Chargers Fire Brandon Staley, Tom Telesco

Following the Raiders’ historic rout of the Chargers on Thursday night, the reeling team will drop the hammer early. The Bolts announced the firings of Brandon Staley and Tom Telesco on Friday morning.

The Chargers have since announced the promotion of Giff Smith and JoJo Wooden to respectively replace Staley and Telesco on an interim basis. The former has experience as a D-line coach dating back to 1999, and he has been in the organization since 2016. Over the past two seasons, though, he has worked as the team’s outside linebackers coach. This will be Smith’s first appointment as a head coach at the college or pro level.

Wooden, meanwhile, has been with the Chargers for the past decade. He has served with the title of player personnel director after working his way through the ranks in the Jets’ scouting department from 1997 to 2012. Like Smith, he will now oversee the conclusion of a highly disappointing campaign for the Bolts before potentially garnering consideration for the full-time role.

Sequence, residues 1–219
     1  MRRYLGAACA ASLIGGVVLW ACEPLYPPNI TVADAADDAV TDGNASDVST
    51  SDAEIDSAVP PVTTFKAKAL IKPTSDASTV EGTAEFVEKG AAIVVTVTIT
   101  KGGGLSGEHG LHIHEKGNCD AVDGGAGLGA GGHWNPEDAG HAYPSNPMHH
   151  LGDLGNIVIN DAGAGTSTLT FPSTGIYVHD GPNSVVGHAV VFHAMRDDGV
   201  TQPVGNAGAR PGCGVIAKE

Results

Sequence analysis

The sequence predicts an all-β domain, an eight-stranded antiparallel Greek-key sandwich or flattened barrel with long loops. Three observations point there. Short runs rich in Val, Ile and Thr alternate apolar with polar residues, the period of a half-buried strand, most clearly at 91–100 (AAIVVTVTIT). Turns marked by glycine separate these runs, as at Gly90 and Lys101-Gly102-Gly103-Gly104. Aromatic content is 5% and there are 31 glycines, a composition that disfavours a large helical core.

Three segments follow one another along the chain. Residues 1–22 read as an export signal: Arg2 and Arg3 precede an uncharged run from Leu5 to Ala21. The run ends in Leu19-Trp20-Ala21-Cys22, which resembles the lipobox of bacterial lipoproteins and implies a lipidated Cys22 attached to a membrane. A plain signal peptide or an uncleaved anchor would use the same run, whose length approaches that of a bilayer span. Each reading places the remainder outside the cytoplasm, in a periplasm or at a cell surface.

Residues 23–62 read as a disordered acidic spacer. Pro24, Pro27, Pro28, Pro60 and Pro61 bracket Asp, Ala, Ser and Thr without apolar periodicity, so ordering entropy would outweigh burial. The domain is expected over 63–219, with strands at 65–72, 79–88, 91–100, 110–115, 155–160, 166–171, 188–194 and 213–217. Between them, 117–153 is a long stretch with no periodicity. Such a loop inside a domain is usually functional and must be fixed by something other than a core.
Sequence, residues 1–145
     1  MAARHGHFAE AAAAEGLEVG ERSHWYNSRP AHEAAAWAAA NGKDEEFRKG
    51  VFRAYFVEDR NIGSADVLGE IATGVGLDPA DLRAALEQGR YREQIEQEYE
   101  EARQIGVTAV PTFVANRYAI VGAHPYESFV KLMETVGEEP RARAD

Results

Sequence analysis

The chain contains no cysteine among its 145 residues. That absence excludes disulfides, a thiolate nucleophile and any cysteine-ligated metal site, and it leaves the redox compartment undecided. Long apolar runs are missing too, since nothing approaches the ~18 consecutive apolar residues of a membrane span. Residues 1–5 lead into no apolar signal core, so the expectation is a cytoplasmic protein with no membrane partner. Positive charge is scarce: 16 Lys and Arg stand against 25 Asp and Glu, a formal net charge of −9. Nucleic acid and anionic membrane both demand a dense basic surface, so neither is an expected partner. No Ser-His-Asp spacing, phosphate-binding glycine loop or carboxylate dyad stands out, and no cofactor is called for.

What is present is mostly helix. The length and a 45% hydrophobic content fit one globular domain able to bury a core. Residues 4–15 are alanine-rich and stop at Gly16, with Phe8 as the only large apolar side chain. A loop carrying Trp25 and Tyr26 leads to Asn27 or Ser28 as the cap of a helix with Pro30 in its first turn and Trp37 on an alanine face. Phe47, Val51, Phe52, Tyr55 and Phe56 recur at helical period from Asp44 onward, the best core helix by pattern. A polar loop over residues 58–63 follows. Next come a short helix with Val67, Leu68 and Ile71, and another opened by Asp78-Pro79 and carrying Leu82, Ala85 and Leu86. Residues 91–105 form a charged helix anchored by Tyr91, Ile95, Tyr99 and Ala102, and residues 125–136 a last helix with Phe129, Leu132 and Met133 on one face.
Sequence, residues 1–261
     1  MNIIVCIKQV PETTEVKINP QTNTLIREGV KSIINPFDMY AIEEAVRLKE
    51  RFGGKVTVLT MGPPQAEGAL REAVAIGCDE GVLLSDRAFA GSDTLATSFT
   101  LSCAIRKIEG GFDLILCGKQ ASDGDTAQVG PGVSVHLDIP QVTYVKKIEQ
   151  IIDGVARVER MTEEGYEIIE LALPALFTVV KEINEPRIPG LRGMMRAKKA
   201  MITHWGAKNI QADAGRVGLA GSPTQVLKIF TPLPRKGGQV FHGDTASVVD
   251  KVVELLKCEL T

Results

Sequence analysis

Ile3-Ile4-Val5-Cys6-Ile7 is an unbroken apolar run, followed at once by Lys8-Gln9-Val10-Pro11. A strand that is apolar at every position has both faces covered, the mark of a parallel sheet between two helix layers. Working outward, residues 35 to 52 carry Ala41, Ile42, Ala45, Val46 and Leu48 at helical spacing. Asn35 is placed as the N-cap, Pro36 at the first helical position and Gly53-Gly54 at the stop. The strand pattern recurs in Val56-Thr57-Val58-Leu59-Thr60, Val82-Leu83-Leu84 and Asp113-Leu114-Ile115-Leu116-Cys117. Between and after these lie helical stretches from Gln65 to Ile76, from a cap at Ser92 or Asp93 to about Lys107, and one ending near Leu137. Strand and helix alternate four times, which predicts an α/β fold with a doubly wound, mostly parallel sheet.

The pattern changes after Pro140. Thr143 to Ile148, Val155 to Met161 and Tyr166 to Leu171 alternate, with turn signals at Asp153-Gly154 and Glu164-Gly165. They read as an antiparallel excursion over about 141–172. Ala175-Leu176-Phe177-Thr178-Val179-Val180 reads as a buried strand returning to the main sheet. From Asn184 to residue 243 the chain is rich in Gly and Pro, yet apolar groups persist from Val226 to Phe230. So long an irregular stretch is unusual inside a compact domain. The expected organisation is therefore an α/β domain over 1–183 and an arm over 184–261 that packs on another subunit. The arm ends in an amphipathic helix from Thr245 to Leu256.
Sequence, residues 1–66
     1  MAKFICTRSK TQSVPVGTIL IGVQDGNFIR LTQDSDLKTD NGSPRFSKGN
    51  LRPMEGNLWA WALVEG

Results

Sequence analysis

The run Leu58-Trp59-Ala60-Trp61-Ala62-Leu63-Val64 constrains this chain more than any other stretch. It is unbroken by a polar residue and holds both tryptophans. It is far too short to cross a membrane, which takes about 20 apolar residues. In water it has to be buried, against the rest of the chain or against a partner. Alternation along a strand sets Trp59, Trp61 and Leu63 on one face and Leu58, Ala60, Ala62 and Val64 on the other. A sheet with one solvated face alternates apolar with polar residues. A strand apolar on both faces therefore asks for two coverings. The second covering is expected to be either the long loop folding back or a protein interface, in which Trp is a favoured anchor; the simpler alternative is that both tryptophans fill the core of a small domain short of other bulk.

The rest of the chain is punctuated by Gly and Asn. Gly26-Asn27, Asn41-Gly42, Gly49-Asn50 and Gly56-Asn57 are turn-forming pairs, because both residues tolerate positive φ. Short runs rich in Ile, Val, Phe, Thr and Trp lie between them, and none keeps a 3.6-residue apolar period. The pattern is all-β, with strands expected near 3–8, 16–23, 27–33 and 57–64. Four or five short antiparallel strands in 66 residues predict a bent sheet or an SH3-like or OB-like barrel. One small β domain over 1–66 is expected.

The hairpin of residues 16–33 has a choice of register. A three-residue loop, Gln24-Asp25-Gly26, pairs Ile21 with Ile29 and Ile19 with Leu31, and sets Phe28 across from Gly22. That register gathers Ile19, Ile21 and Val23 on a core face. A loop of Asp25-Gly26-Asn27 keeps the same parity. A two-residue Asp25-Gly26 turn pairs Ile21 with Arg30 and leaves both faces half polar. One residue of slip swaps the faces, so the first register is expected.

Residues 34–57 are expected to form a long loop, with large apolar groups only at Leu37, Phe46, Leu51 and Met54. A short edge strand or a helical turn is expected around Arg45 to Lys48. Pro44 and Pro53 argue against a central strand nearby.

This is the first instance of the Chargers firing a head coach in-season since they axed Kevin Gilbride 25 years ago. But Staley has long been expected to be out, with the Bolts regressing in a season following a 27-point collapse in the wild-card round. Telesco spent 11 years as the Chargers’ GM. While much-hyped rosters formed under his watch, the team did not turn well-regarded transactions into sustained success.

Hired in 2021, Staley came over after one season as the Rams’ defensive coordinator. But the ascendant assistant could not establish success in this area with the Chargers. The Raiders dropping 63 on their rivals, 42 of those points coming in the first half, after the Vikings had held them scoreless in Week 15 prompted Bolts ownership to act early.